Jerusalem Blog: A first post
On Friday morning I went with Rabbis for Human Rights (RHR) to help with tree planting in a West Bank village called Husan. Seven of us met in Liberty Bell Park in West Jerusalem.
We were driven by Rabbi Arik Ascherman for fifteen minutes to an area of land opposite Husan. A wide and fast road, with no pedestrian crossing points separated the village from the land; this area had been designated for the separation wall to be built upon.
There was a group of Palestinians, men, women and children standing around and being stopped from walking to their field. An army jeep with five soldiers were blocking the way and arguing with the people. My fellow tree planter, Diane, said they were paratroopers, she could tell because of the colour of their boots. They were stating that no-one could enter the land because it was next to an army base. The base was a surrounded by wire and concrete blocks inside the wire, protecting about two or three prefabricated rooms erected to be an army station.
A television crew from Ramatan, a news agency based in Ramallah were filming and interviewing Palestinians. Arik went to the centre of the crowd, shook hands with everyone and tried to get the story to try to sort out how we could get to the land to plant the sapling peach trees that RHR had donated.
The land belonged to an old woman who had the high court papers proving that the land is hers. She has been able to work on her land before, but there was a new commander on duty and so procedures had to be checked and run by him in case he didn’t agree with the Palestinians being there. After about an hour, of arguing and phoning and the arrival of the Minhal Ezrachi (Civil Administration), we were finally let through. Arik said the onus is always on the Palestinians to prove what they say, even if it means they have to prove the same thing every week.
Nasa, a village social worker and director of a charitable medical centre came to speak to us to explain some of the history of Husan. He described how up to 1986 Israel confiscated 9,370 dunams of their land (one dunam is 900 square metres). After 1986 they took a further 5,340 dunams. In the last two years Israel took 24 and then a further 14 dunams saying it was for security reasons. ‘It’s not for security, it’s just to take more land.’
Nasa explained that the proposed wall will cut off the villagers, most of whom are farmers, from their land which is their main source of income. Furthermore the wall will enclose six villages and make the only route to Bethlehem, which is the nearest town, a tunnel which will be controlled by Israelis through electronic gates.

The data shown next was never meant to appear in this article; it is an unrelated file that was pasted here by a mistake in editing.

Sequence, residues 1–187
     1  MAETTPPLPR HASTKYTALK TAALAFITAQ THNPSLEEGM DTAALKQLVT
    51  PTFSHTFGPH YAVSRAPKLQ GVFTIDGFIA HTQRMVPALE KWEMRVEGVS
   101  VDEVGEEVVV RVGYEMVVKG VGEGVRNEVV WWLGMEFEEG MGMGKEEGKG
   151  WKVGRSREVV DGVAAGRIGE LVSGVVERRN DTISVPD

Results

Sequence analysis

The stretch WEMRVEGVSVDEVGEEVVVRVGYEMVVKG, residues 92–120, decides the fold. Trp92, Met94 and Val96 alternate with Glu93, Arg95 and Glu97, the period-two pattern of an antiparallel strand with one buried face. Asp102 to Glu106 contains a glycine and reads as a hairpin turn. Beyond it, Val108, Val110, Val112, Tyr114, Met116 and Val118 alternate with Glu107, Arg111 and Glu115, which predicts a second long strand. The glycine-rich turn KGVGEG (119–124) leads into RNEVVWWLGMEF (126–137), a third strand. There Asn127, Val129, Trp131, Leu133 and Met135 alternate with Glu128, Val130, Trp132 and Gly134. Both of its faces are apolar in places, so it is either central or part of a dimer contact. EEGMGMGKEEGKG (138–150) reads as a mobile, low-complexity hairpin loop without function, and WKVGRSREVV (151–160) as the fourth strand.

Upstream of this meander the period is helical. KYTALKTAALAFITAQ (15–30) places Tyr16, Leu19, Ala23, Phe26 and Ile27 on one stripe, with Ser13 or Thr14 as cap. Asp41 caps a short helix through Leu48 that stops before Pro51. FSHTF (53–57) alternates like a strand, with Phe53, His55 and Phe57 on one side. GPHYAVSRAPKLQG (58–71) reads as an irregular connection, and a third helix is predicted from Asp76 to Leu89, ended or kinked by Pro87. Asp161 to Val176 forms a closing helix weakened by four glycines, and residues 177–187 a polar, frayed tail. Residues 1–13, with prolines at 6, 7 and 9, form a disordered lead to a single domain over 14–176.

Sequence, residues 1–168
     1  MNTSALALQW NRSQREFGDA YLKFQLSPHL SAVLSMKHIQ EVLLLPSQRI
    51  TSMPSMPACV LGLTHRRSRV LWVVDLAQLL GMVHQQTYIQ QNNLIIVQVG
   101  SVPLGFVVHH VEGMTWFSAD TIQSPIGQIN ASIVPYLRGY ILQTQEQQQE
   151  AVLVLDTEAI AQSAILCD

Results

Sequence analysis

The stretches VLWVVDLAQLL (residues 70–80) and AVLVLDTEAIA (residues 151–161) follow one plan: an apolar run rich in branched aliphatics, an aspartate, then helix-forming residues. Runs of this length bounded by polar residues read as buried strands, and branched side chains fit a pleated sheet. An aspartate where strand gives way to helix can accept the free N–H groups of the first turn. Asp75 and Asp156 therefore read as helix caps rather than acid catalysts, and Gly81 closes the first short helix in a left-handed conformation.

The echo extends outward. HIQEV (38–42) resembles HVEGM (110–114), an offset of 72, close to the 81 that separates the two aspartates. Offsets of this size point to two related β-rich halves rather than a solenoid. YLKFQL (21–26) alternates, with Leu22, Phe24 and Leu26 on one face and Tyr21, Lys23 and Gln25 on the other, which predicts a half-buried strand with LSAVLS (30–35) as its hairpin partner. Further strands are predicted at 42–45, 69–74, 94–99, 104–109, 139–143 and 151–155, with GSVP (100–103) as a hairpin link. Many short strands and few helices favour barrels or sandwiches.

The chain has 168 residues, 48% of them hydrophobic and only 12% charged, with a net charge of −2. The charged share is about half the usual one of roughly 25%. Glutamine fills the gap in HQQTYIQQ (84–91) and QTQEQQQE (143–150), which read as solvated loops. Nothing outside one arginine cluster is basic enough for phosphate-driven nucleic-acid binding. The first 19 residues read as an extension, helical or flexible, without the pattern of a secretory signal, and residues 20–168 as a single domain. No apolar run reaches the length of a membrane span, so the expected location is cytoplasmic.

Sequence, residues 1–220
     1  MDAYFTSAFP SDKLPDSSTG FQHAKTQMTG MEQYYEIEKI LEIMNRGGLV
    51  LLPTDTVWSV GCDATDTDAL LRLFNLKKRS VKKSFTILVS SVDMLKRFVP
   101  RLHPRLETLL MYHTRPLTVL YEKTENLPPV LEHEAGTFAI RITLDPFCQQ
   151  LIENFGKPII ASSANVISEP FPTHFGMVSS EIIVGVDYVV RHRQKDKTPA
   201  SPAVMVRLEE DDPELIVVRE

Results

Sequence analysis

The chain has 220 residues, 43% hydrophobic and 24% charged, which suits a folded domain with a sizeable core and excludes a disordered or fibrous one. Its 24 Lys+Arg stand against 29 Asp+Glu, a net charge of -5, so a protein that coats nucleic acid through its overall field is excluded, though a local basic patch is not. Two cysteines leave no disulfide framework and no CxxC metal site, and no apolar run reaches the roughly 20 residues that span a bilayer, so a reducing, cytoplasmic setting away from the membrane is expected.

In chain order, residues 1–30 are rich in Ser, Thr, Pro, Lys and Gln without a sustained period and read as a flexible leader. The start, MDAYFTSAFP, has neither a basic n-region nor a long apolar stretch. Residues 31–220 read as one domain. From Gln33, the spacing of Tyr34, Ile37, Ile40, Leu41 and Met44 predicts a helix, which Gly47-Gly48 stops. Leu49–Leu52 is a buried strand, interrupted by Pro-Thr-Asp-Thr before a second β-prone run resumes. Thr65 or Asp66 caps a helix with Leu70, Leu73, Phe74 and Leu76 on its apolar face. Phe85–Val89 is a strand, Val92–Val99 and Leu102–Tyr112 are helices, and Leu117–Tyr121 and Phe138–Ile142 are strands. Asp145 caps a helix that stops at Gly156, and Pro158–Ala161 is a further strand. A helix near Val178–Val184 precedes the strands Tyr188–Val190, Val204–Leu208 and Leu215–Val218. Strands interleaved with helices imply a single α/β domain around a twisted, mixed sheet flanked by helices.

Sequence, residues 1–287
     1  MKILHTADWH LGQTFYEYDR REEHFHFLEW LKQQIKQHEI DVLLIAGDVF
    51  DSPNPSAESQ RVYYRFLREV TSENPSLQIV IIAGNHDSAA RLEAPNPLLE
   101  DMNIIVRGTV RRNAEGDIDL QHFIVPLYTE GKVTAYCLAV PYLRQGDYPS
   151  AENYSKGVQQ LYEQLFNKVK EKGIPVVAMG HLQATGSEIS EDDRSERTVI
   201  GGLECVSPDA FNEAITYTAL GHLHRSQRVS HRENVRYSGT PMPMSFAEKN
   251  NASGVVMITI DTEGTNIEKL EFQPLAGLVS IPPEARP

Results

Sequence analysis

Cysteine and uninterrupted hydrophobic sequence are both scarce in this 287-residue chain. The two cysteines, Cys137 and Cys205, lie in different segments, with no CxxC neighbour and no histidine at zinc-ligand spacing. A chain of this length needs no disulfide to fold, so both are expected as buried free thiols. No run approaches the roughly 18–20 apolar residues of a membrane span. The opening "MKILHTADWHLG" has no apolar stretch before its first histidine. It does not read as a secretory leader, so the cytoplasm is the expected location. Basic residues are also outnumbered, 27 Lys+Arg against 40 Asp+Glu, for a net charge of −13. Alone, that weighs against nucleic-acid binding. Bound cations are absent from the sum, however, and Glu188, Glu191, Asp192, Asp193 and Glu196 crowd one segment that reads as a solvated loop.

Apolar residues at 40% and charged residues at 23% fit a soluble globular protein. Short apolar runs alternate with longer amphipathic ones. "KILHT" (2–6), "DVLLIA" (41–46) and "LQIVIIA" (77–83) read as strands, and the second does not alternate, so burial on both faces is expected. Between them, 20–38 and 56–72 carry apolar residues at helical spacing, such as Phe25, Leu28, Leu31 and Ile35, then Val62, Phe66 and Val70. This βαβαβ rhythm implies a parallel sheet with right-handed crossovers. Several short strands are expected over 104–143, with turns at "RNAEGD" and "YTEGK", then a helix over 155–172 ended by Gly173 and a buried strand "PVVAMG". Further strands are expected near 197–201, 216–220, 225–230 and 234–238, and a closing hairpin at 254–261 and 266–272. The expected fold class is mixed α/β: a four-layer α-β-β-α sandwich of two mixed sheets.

The land was made up of two terraces with some small newly planted olive trees. As soon as we got there the Palestinians got to work, a horse-drawn plough walking to and fro. Others started pruning the olive trees and carrying the saplings to the areas where they were to be planted. It was an extended family affair. There were lots of small children running around looking at the proceedings.
Two toddlers were sitting on one of the two donkeys used for carrying tools, they had a large cuddly toy and their sister (or cousin) was leading them around. The whole scene would have been idyllic, with children playing and picking bunches of small pink wild cyclamen while their elder brothers toiled on the land, were it not for the fact that several soldiers were a few metres away, on alert.
I was shocked at the sight of the single horse-drawn plough, the donkeys carrying the tools, the children and the old people. Could this warrant all the soldiers?
A boy found a tortoise at one point. A helper took a photo and the soldiers got agitated and told him not to take any more photos of the tortoise, presumably in case he was taking pictures of the army structure behind the child.
As the day went on, an old woman from the village came and walked to a small field next to the one we were planting trees on. She was gathering chives. She was followed by an old man, but this was beyond the pale for the soldiers, who started shouting at the old man to leave the area immediately or he would be arrested. The soldiers started walking up to the old man, everyone gathered round: Palestinians, internationals and Rabbi Yehiel Grenimann who told the soldiers not to treat the man with such disrespect.
The old man spoke very good Hebrew and instead of obeying the orders of the soldiers, asked them to speak to him more politely, not just shout. He explained to them that he had high court papers proving that the land was his, he got them out to show them (any Palestinian who wants to do anything always carries their high court papers with them).
A row between the old man and the soldiers ensued. Both sides got out their mobile phones to take advice from their lawyers and commanders. exactly as it had been at the beginning of the day.
Eventually the soldiers walked away, Diane shouted at the soldier who was in charge, that she hoped he now felt like a big hero. She said it wasn’t the soldiers fault for being in that situation, they were trained for combat and weren’t prepared for dealing with civilians carrying on their daily lives, but they still had to take responsibility for how they behaved towards people.
Everyone got back to busily doing their planting, digging, and pruning. The ploughman and his horse had never stopped once throughout the entire time we were there.
Turning in one direction looking across the scene I saw the small terraces. At the top were remains of olive trees that the army had burned down. Looking in the other direction was the looming presence of the third largest settlement on the West Bank: Betar Illit, its regular rows of houses and blocks of flats sprawling across the entire hillside overlooking over this tiny piece of land.